Uh oh—I’m going to have to get cranky with my anti-Common Core friends for trying to crash the Blue Ribbon party.
South Dakotans Against Common Core is encouraging its followers to fill seats at the six just-about-public meetings of the Blue Ribbon Task Force on Teachers and Students (BluRTFTS) in June. Naturally, the Common Core opponents will want repeat what they’ve been telling the Governor’s people and their legislators for years: Common Core is bad for students, bad for teachers, bad for schools.
While I appreciate any citizen’s willingness to participate in public policy meetings, I’m not sure the BluRTFTS meetings are the proper venue for fighting Common Core. Governor Dennis Daugaard created BluRTFTS to discuss teacher pay (or at least to prolong the discussion to postpone action for at least another year). The question the Governor says this panel is to answer is, “What possibilities are there to meaningfully fund education for our kids and our communities?” BluRTFTS isn’t about standards, curriculum, or tests. BluRTFTS is about funding.
Common Core costs money, but it’s not the kind of big ticket item whose elimination would free up the cash we need to make our teacher salaries competitive. Besides, even Common Core opponents aren’t advocating for the complete elimination of external standards and testing; they just want different standards, which would still impose costs and paperwork and, inevitably, time-consuming tests that would still make teachers want to take up other employment.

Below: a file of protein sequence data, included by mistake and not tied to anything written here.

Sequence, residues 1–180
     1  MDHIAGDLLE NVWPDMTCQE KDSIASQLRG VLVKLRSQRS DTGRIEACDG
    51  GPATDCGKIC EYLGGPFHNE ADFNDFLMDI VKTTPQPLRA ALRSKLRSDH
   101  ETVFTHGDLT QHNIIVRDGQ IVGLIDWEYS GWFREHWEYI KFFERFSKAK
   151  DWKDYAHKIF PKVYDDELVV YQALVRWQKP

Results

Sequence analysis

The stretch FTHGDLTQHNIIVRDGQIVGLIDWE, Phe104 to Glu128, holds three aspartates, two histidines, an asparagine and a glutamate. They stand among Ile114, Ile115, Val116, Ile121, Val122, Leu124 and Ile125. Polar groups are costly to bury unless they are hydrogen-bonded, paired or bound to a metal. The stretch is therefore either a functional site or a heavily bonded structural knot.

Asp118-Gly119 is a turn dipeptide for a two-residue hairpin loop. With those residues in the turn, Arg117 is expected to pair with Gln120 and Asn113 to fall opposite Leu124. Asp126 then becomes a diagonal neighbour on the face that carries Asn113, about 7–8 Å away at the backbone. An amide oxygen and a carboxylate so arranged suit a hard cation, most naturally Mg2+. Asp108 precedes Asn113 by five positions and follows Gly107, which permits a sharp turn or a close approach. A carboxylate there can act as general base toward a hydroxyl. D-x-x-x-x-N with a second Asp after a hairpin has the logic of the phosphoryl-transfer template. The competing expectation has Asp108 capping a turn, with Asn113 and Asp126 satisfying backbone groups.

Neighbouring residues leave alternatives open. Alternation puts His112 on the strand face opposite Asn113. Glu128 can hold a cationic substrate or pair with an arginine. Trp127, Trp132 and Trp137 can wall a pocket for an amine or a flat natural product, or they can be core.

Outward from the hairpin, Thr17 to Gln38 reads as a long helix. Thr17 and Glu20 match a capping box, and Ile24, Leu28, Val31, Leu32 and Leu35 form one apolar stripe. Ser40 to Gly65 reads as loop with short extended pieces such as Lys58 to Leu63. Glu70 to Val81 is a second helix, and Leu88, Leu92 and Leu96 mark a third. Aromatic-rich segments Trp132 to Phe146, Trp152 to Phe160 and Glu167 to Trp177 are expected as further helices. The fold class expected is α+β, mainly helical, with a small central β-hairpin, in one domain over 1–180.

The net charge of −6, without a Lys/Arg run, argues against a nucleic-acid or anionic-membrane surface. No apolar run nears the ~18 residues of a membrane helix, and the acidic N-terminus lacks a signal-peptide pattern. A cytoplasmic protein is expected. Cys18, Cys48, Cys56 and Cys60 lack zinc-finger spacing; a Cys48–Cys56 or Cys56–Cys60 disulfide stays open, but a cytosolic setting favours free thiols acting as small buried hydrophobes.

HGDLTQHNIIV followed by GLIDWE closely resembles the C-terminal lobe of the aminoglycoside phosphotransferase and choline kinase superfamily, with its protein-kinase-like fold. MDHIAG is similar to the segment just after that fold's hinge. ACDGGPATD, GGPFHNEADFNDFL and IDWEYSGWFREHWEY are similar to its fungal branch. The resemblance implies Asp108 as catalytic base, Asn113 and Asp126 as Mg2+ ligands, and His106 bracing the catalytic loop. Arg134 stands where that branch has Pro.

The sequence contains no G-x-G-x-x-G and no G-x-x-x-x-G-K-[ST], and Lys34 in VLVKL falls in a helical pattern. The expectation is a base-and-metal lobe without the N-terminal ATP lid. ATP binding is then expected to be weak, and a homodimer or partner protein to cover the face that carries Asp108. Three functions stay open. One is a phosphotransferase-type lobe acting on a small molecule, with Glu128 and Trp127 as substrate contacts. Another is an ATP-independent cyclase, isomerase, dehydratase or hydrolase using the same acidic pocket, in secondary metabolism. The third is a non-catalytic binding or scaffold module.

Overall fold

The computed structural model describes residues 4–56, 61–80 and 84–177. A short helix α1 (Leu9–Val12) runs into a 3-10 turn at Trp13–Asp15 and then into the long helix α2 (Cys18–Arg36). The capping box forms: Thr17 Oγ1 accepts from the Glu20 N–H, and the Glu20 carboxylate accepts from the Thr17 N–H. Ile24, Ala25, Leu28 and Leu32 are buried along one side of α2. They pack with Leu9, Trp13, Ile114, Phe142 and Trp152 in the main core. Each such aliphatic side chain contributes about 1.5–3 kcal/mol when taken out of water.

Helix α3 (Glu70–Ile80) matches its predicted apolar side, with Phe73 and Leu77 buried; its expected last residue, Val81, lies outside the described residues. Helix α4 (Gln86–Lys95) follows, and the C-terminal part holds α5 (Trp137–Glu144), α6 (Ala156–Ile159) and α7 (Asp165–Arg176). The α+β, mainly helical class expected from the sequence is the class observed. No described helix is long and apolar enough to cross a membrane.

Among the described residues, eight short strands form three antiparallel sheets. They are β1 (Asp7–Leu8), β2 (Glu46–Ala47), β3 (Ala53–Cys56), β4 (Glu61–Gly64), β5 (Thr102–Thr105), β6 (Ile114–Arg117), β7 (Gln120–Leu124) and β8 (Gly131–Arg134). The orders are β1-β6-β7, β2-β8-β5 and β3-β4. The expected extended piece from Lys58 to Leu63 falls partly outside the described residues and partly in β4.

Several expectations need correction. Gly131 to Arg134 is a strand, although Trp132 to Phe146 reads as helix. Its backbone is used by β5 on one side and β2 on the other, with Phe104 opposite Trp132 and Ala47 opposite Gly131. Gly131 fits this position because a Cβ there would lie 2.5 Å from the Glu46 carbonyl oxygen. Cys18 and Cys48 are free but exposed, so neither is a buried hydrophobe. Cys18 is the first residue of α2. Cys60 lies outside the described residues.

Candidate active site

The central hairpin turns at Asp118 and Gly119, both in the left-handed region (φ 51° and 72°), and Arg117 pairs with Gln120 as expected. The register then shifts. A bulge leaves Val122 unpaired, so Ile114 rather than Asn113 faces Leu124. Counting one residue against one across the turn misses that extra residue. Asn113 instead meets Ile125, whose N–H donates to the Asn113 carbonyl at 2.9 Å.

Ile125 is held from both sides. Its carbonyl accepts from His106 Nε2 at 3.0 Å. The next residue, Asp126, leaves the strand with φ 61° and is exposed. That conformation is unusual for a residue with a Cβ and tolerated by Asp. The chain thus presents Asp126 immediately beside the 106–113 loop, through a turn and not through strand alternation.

If Common Core opponents are coming to the BluRTFTS meetings to propose a plan to mitigate our teacher shortage by eliminating Common Core and marketing ourselves to the teacher labor pool as the state where teachers don’t have to put up with the soul-crushing tests and bureaucracy, then hand them the mic. Heck, if they can show Governor Daugaard that eliminating Common Core would recruit more teachers without raising pay or taxes, he might seize that distraction.
But if the anti-Common Core crowd is coming to recycle the same old arguments that Common Core is more of Barack Obama’s Mongolia-style socialism, the same esoteric ‘Net-meme propaganda that Team Daugaard and the Legislature have consistently rejected in other meetings, there’s no reason to pitch them at these funding-focused meetings.